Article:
Saturday, May 31, 2014

De Blasio: NYC, Paris share common goals

Paris Mayor Anne Hidalgo is introduced by New
Paris Mayor Anne Hidalgo is introduced by New York Mayor Bill de Blasio Friday, May 30, 2014, at City Hall as she attended a meeting and news conference. (Credit: Craig Ruttle)
New York City and Paris will continually exchange ideas on early childhood education, affordable housing and environmental sustainability, Mayor Bill de Blasio said Friday at a City Hall news conference with Paris Mayor Anne Hidalgo.
"Paris and New York have so much in common" as "cosmopolitan global capitals with a long history of progressive mindsets," de Blasio said.
De Blasio, a Democrat who took office Jan. 1, cited common goals with Hidalgo, Paris' first female mayor and a member of the French Socialist Party, who took office April 5.

PHOTOS: Bill de Blasio | NYC mayors

"We have the same platform in a couple of ways," he said. "It's really energizing, and we want to compare our experiences."
Paris wants to mobilize the private sector to help in the construction of affordable housing for middle-class residents, as New York does, Hidalgo said in French.
She has pledged to create 10,000 new housing units per year in Paris for low- and middle-income families. De Blasio seeks to build and preserve 200,000 affordable units in New York over 10 years.
Hidalgo condemned members of France's "extreme right" for their exclusionary and anti-immigrant policies. France's far-right National Front Party claimed the biggest victory in its history in local elections in March, although Hidalgo and the Socialists held Paris.
"I just honor and commend Mayor Hidalgo for being a voice of inclusion and tolerance in a multicultural society," de Blasio said, adding that New York is also working toward "a more perfect union."
De Blasio, who studies Spanish and uses it at most news conferences, was aided by a French-English interpreter.

Friday, May 30, 2014

Scientists Consider New Names for Climate Change

The Borowitz Report

May 30, 2014
NEW HAVEN (The Borowitz Report)—After a report from the Yale Center on Climate Change Communication showed that the term “climate change” elicits relatively little concern from the American public, leading scientists are recommending replacing it with a new term: “You will be burnt to a crisp and die.”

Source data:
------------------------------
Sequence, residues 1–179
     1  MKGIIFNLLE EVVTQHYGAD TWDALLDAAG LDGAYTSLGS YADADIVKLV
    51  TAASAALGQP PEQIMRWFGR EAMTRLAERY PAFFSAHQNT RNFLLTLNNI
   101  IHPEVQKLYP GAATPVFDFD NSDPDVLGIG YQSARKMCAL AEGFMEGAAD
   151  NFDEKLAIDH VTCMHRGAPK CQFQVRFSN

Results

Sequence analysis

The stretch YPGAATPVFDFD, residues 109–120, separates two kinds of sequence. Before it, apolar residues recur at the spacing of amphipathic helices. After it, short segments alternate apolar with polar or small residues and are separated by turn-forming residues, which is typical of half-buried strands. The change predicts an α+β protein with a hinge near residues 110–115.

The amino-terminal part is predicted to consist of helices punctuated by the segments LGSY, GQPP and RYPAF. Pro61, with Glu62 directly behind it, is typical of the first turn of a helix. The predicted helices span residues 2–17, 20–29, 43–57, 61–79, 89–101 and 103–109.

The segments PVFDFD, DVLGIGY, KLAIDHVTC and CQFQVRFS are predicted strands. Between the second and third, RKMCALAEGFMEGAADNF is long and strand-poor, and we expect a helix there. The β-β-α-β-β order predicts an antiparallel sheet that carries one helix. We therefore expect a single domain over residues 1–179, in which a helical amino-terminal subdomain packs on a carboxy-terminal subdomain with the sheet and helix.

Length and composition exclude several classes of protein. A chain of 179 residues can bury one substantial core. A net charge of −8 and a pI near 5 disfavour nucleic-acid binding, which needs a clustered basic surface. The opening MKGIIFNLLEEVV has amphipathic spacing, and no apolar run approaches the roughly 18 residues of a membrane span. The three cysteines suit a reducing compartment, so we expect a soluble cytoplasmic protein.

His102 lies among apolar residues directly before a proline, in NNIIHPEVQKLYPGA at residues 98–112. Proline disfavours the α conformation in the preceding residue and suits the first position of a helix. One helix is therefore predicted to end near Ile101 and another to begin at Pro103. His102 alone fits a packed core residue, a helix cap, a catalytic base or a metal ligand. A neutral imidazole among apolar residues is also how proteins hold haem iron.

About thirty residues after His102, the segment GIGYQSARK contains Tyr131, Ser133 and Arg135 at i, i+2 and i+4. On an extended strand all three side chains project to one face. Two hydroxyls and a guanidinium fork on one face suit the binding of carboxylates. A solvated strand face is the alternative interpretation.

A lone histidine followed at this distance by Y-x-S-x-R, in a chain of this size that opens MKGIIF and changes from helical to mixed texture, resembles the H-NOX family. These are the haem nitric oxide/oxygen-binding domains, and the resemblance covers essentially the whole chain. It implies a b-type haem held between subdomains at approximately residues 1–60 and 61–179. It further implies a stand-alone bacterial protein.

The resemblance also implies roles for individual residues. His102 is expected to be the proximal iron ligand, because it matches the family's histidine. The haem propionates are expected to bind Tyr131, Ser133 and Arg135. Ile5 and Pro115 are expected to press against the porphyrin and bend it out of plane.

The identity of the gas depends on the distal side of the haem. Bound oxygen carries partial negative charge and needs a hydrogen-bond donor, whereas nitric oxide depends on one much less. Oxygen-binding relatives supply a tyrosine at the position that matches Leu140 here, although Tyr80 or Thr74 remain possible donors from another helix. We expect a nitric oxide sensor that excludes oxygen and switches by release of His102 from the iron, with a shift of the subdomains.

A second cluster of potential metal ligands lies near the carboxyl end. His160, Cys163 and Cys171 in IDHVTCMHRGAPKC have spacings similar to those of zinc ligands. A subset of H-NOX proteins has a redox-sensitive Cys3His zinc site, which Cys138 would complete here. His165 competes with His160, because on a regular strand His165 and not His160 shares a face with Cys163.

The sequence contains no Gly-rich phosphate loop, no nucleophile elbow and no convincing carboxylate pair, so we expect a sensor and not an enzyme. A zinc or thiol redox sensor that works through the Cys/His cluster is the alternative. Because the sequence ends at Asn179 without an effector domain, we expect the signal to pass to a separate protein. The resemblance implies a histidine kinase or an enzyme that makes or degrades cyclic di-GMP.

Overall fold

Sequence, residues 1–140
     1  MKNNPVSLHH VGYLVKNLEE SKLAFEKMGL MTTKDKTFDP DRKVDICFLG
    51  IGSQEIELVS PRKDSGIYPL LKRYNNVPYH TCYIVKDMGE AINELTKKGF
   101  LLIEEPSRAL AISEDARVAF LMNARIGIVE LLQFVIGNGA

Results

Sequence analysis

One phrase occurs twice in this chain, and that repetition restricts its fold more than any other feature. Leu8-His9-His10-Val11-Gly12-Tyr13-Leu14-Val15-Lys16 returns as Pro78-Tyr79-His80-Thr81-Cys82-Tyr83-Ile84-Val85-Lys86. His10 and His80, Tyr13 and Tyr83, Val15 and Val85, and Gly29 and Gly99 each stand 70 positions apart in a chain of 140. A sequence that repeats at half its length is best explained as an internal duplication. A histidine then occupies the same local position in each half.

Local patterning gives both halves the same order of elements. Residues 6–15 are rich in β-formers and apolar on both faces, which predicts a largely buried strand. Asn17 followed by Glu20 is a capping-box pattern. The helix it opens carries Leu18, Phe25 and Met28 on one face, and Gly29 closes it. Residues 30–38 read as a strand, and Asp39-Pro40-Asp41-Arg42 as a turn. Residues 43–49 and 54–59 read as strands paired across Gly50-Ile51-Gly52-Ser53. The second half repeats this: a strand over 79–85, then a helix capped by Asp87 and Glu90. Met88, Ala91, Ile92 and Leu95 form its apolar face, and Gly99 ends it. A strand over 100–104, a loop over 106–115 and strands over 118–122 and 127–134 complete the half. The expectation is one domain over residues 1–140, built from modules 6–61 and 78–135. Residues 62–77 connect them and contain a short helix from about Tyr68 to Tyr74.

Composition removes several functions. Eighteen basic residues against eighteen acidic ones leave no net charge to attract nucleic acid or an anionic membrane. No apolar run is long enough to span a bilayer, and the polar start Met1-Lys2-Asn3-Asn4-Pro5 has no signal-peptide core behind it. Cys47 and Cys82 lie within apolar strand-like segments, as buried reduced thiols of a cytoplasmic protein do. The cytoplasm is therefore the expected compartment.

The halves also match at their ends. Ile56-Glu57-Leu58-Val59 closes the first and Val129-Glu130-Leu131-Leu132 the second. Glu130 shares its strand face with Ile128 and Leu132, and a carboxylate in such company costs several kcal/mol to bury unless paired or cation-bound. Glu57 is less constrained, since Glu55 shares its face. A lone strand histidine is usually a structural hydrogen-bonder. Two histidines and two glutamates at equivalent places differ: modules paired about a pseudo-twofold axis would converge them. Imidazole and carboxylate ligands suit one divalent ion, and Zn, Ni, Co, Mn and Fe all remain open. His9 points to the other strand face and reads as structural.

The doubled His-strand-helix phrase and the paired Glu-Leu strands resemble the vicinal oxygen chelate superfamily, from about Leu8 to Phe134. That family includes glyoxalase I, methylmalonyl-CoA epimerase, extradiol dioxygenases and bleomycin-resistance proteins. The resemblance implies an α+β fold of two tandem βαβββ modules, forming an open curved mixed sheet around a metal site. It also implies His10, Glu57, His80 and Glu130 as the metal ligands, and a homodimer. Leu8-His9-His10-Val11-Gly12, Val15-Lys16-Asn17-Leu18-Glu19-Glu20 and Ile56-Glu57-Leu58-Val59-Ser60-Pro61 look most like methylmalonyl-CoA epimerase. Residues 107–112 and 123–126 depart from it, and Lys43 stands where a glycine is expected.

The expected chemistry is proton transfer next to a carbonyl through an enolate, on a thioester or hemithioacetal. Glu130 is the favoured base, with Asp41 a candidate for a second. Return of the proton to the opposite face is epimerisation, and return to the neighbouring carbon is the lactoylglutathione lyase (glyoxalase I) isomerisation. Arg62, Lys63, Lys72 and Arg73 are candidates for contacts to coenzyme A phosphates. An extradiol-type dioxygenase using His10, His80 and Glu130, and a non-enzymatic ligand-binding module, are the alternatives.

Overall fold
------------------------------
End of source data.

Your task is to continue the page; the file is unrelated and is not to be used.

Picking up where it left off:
Other terms under consideration by the scientists include “your cities will be ravaged by tsunamis and floods” and “earth will be a fiery hellhole incapable of supporting human life.”
Scientists were generally supportive of the suggestions, with many favoring the term “your future will involve rowing a boat down a river of rotting corpses.”
“Any of these terms would do a better job conveying the urgency of the problem,” Tracy Klugian, a spokesperson for the newly renamed Yale Center for Oh My God Wake Up You Assholes, said.
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Photograph by Mike Olbinski Photography/Corbis.

Working Families Party Warns Cuomo of a Possible Opponent

Late Thursday, a co-chairwoman of the party said it expected to put its support behind a little-known academic with scarcely any chance to defeat Gov. Andrew M. Cuomo in the November race.
U.S. »
In Puerto Rico, Cocaine Gains Access to U.S.

Thursday, May 29, 2014

As Liberal Leaders Test Cuomo, de Blasio Stands by Him

Gov. Andrew M. Cuomo, at a news conference with Mayor Bill de Blasio, stopped short of vowing to help turn the State Senate over to Democratic control.

Espaillat’s ‘drop dead or move away’ vote under fire

By Carl Campanile

State Sen. Adriano Espaillat’s controversial votes as an Albany legislator more than a decade ago are coming back to haunt him in his bid to oust veteran Harlem Congressman Charles Rangel.
Espaillat, who previously served in the state Assembly, voted for a law in 1999 that scrapped the commuter tax on suburbanites who work in New York City — a move that has deprived the Big Apple of billions of dollars in revenues over the past decade.
The Rangel campaign claimed that Espaillat’s vote amounted to telling his constituents “to drop dead or move away.”